Every Thursday night on MGM HD, celebrate the golden era of the video store with “VHS TV,” a weekly double-feature of movies pulled from the shelves of the MGM library. Anyone who ever prowled the aisles of a video store, during its heyday between 1977 – 2006, eventually had to confront a common problem:  what to do when the movie you came to rent was already picked out by someone else.  You made the trip all the way to the store. You still needed something to put in the VCR when you returned home. There was nothing to do but to slow march, up and down amongst the shelves, head tilted to one side, reading the spines for a title that might jump out. The adage “don’t judge a book by its cover,” went out the window because sometimes you had nothing else to go on but the key art on the box and the copy printed on the back.



But every once in a while, that search would yield a hidden gem like the independent Canadian film, “My American Cousin” (1985), featured this month on MGM HD. No stars, no actors you had heard of, just an enticing cover and an awards pedigree. The box art featured a James Dean-looking young man at the wheel of a bright red 1950’s era convertible. That driver was the titular American cousin, Butch Walker (John Wildman) who steers his Cadillac to rural British Columbia all the way up from California to disrupt the life of 12-year-old Sandy Wilcox (Margaret Langrick) during the summer of 1959.  A coming-of-age story, based on the memories of writer-director Sandy Wilson, “My American Cousin” is a character study about a couple of dreamers in search of escape from the confines of their lives.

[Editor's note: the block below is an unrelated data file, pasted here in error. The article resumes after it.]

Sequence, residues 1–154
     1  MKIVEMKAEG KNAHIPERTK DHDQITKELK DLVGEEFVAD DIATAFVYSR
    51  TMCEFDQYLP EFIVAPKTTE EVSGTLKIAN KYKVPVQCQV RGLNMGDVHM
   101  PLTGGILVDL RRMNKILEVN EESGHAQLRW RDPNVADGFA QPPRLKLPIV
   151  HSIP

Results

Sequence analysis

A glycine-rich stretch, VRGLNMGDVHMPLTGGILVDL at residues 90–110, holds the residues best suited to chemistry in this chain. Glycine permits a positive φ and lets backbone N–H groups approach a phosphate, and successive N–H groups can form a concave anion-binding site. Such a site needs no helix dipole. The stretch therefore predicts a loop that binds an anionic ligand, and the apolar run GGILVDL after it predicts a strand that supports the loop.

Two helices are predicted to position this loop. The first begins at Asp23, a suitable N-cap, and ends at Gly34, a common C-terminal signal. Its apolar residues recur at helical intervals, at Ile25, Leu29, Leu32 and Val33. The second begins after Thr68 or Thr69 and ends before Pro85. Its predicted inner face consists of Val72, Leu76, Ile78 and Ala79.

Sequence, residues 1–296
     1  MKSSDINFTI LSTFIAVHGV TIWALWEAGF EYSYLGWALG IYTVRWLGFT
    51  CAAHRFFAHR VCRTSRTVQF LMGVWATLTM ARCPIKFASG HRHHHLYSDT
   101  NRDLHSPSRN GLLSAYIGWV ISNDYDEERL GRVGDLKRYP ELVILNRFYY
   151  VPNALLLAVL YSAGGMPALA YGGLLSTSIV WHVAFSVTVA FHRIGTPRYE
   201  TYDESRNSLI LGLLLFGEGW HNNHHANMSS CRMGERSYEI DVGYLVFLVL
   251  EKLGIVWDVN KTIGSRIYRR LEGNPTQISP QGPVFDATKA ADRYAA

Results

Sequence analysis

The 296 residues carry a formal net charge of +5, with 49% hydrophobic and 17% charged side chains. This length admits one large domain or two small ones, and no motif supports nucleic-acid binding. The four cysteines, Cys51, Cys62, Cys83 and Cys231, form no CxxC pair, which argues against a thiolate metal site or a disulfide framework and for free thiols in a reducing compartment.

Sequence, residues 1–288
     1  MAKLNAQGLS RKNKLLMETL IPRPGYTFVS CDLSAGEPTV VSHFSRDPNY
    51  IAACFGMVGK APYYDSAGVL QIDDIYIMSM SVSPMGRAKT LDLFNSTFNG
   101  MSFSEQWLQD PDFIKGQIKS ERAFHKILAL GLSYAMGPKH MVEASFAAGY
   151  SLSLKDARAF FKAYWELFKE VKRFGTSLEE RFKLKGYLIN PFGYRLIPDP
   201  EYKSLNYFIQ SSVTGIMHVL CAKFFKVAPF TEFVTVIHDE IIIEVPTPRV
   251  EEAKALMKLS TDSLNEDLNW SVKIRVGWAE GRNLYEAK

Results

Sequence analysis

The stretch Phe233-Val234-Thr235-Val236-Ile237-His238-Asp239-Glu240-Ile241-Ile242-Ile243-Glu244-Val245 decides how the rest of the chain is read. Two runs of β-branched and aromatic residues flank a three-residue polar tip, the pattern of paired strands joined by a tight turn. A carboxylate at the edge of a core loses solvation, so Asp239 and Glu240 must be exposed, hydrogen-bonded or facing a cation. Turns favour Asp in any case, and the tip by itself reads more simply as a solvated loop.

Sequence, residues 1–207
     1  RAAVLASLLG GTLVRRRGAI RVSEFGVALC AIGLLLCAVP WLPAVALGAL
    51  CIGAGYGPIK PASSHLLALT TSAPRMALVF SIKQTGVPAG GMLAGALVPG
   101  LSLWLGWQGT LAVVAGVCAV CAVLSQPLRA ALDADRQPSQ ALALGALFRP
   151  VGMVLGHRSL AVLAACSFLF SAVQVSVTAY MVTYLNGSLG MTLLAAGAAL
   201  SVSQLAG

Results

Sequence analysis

We meet Sandy, bristling under the rules of her provincial parents and scrawling the words “Nothing ever happens” in her diary.  When Butch arrives unannounced in the dead of night, he brings the promise of excitement and teen rebellion. But, as the story develops, we learn that Butch has problems of his own and yearnings that aren’t that different from Sandy’s. “My American Cousin” is a sweet and meandering movie with scenes that unfold with the easy pace of a summer afternoon or a long-forgotten memory. Period detail is lovingly recreated without descending into kitsch.  And, as the copy on the back of the box might have proclaimed, “My American Cousin” won six Genie Awards (the Canadian equivalent to the Academy Awards®) including Best Picture, Best Director, Best Original Screenplay, Best Actress, Best Actor, and Best Film Editing.



So, no need for a trip to the video store, let us help you make your choice by suggesting “My American Cousin” on Thursday, May 27th for an unexpected detour to a more innocent time.


Check out “VHS TV” every Thursday night at Midnight Eastern, 9p Pacific – no rewinding necessary – only on MGM HD.